Originally Published: Tuesday, 25 September 2001 Author: Rudy de Haas
Published to: opinion_articles/opinion Page: 2/3 - [Printable]

Pessimism at LinuxWorld Misplaced

In this startling essay author Rudy de Haas lays out his strategies for the future of Linux and open source technologies both at home and in the corporation. Haas exhibits an uncanny understanding of the factors that motivate companies and individuals, and this thought-provoking essay should be required reading for anybody who thinks of themselves as an open source advocate.

An Alternative Vision  << Page 2 of 3  >>

An Alternative Vision

Right now, for most people, making the Linux desktop decision has a downside - personal responsibility for any negative consequences - and no comparable upside. Our job as Unix evangelists, therefore, is to articulate an alternative vision that gives decision makers a powerful personal motivator for buying in.

I'd like to propose one: put smart displays, backed by big Unix servers, on most corporate desktops and put Linux, or FreeBSD, on most home machines with full integration for the MacOS X application shell and easy connectivity for the remaining Windows users.

The technology for this is the easy part: products like Sun's SunRay and NCD's NC900 let you replace the desktop computer with a much simpler machine that does a very good job of exactly one thing: interfacing between users and server based applications like Peoplesoft, OpenOffice, mail, browsers, multimedia conferencing, or any of thousands of other products.

The most important thing about smart displays is that they're completely maintenance free on the desktop. From a corporate perspective this means no Windows support people, it means getting off the upgrade treadmill, it means centralized administration, better security, near perfect reliability, and it offers a five to one IT staff reduction along with far more freedom to innovate.

But there's a catch - you don't get the benefits for nothing. The cost is a dramatic change in IT direction setting and management. From a senior corporate perspective the control structures and incentives which traditionally favor budget growth and staff expansion have to change to favor successful service delivery. In response IT management needs to morph from parasite to symbiot, from cost center to profit partner, while developing the trust relationships with users that underlie the partnership. That's also what The Unix Guide to Defenestration is about - adopting the Unix mindset to better manage IT investments - but this is much, much, harder than changing technology and will correspondingly take longer and endure more false starts.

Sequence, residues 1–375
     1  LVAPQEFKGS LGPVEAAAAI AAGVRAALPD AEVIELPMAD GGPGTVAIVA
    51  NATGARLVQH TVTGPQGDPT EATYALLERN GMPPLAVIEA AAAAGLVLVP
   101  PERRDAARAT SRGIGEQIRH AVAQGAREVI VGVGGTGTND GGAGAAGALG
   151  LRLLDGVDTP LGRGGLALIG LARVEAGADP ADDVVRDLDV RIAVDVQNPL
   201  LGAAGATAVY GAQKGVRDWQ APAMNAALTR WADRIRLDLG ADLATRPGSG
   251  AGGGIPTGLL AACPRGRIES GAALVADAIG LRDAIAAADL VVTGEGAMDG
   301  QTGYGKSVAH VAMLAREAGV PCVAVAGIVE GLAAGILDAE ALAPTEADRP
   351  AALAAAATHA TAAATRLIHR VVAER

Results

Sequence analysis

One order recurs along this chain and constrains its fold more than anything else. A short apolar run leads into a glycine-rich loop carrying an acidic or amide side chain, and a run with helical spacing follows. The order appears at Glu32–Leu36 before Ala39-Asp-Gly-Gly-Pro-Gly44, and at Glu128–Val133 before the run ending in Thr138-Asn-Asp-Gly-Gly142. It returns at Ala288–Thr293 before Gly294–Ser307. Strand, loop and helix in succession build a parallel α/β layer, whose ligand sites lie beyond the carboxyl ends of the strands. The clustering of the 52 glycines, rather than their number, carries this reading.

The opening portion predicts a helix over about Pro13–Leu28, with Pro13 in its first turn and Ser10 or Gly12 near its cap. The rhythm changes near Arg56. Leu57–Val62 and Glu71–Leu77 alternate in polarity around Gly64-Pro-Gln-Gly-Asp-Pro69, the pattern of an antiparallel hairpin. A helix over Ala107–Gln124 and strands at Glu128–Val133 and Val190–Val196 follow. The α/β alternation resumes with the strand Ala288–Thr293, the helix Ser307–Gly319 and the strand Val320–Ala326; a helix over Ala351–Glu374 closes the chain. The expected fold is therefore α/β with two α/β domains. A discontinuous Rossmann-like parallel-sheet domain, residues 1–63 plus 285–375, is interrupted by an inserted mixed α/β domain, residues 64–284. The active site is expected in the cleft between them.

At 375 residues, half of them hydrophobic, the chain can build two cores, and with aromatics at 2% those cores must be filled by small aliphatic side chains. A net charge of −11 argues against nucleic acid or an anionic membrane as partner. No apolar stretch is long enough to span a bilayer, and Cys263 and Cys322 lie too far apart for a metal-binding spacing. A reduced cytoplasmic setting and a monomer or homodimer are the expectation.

From a user's personal perspective server based computing means fast, clear, graphics on big screens with instant response even on complex data crunching operations; it means noise free, hassle free, high reliability operations; it means freedom from Microsoft product churn; and, it means easy cut-and-paste access to multiple concurrent applications.

In a leadership based IT environment these benefits would be accompanied by a change in attitude within the systems organization as it shifts to an outward focus and so provides more freedom, and more flexibility, for its users. In most cases, however, management will not adapt well or quickly and users will rightly perceive the change as one threatening increased central control and a return to the arrogance, expense, and ineffectiveness of the traditional centralized systems manager.

In reality, of course, the evolving Wintel alternative is rather worse. Microsoft's current push into the data center with highly restrictive licensing and insecure software running on rackmounts stuffed with little machines is far more of threat to user freedom and desktop control than the switch to smart displays run from big Unix servers could ever be. Unfortunately most PC users don't want to understand this - and it's not exactly being stressed in the PC press - and so seem like the frog in the beaker of water being slowly heated to boiling: able to jump out but apparently unable to perceive any need to do so.





An Alternative Vision  << Page 2 of 3  >>